Italian prosecutor calls for further investigation into tennis fixing
Italian prosecutor Robert di Martino has said that more tennis players should be investigated for possible links to match-fixing and betting rings.
Speaking to the BBC and BuzzFeed News, di Martino, who has been conducting a two-year inquiry into a suspected match-fixing ring involving Italian players and gamblers, said the names of top players have appeared in evidence seized from gamblers suspected of fixing.
The prosecutor said that the list includes two players that have been ranked in the Association of Tennis Professionals (ATP) top 20.
“Surely if these foreign players were Italian, they would certainly have been at least questioned; they should have provided some explanations,” di Martino said.
The Italian-focused investigation has obtained internet chat logs and recordings of phone calls between players and gamblers, with di Martino saying a number of non-Italian players are mentioned and that the Tennis Integrity Unit (ITU) should investigate further.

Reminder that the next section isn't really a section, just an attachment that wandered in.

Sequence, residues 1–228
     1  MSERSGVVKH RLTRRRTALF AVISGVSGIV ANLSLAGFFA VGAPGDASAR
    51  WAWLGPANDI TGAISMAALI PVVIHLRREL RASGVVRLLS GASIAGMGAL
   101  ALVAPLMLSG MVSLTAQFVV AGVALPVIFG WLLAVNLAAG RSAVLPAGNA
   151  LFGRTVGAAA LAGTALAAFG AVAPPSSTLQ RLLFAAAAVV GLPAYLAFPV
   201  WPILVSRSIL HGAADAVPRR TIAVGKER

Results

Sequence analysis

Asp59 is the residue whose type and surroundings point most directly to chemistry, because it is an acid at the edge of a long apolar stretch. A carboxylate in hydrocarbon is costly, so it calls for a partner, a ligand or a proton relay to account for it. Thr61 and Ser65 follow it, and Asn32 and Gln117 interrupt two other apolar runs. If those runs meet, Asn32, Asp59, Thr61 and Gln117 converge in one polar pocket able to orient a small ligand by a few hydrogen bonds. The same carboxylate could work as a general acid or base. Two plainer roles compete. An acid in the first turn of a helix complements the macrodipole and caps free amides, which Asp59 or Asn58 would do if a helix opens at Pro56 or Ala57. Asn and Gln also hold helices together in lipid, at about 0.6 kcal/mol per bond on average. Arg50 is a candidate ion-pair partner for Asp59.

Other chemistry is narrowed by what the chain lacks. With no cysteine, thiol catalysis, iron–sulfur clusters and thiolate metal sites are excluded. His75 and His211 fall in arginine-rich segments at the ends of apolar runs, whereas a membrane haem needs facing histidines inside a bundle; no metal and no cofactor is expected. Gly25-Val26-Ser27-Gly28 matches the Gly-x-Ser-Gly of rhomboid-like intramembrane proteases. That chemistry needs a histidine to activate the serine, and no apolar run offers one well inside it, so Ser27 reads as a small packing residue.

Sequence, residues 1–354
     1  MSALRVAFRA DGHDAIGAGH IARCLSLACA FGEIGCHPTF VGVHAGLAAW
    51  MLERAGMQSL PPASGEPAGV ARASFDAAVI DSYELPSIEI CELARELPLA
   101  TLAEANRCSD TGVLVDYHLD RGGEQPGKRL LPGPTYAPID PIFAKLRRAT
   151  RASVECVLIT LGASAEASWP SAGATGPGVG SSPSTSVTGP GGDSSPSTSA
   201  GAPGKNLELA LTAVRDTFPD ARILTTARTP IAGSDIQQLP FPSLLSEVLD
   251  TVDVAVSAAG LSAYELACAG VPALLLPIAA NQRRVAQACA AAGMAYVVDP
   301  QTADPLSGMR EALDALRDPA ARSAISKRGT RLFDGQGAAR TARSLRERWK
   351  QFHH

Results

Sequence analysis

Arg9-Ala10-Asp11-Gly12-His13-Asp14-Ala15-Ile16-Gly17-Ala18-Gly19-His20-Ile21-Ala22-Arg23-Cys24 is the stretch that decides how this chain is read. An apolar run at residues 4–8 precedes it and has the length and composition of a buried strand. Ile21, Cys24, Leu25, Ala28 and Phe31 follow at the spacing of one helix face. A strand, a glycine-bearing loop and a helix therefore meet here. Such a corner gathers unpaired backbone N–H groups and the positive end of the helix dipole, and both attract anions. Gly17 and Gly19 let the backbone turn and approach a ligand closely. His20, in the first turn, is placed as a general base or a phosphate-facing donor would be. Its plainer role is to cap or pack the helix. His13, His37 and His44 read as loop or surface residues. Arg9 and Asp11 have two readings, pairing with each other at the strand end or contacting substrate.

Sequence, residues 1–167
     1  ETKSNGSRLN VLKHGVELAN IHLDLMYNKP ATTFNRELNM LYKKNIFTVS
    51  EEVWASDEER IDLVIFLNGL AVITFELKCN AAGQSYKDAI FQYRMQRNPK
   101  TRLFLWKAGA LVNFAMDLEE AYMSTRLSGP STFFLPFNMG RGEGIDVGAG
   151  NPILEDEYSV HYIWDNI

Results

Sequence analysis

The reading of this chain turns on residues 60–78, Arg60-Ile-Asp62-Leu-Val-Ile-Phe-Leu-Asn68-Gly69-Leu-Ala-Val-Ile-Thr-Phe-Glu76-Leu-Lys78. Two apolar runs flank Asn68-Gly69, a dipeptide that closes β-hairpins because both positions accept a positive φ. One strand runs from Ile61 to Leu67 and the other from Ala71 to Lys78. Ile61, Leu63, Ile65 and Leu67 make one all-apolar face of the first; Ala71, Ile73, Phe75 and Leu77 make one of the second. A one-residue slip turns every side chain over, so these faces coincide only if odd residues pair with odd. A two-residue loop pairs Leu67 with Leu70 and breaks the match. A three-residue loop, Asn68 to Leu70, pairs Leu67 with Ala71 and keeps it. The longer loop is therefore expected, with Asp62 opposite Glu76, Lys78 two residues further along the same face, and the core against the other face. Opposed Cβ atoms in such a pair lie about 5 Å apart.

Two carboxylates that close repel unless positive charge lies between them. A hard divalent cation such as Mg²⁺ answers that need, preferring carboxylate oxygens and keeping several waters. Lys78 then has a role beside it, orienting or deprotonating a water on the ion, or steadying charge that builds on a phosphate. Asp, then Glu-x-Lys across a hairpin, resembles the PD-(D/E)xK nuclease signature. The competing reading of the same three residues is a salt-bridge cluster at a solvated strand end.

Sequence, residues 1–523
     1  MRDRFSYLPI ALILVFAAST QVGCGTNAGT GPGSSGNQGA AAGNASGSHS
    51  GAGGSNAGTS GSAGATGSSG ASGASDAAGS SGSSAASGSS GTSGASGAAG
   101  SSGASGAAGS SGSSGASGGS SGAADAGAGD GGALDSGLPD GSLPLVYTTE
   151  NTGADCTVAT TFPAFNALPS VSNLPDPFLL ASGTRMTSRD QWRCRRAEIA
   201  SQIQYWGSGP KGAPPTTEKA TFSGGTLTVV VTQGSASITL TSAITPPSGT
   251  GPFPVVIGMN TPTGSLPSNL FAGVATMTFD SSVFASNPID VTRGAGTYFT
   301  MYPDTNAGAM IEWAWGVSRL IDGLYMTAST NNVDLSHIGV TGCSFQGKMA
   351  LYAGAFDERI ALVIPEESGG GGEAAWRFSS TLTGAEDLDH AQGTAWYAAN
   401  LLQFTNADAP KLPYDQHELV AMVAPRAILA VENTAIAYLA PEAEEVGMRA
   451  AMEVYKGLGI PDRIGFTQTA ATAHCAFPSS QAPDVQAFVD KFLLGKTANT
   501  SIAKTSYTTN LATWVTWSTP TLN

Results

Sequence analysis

Although he would not reveal the identity of the players, he did state that they are “not so-called second-tier tennis players, but also players of some importance”.
Italian players Potito Starace and Daniele Bracciali have previously been charged in relation to match-fixing in the sport.
“The international aspect seems more problematic than a situation involving a few Italian players,” di Martino said.
“It would be possible to identify, possibly hit, many foreign players who definitely are part of this system.”
The BBC and BuzzFeed News said they have learned the names of the players contained in di Martino’s files, but have opted not to disclose their identities.
In January, the two news outlets announced they had uncovered files that expose evidence of widespread suspected match-fixing at the top level of tennis.
According to a joint report, over the last decade, 16 players who have ranked in the ATP top 50 have been repeatedly flagged to the ITU over suspicions that they had thrown matches.
Related article: BBC, Buzzfeed report uncovers suspected match-fixing in tennis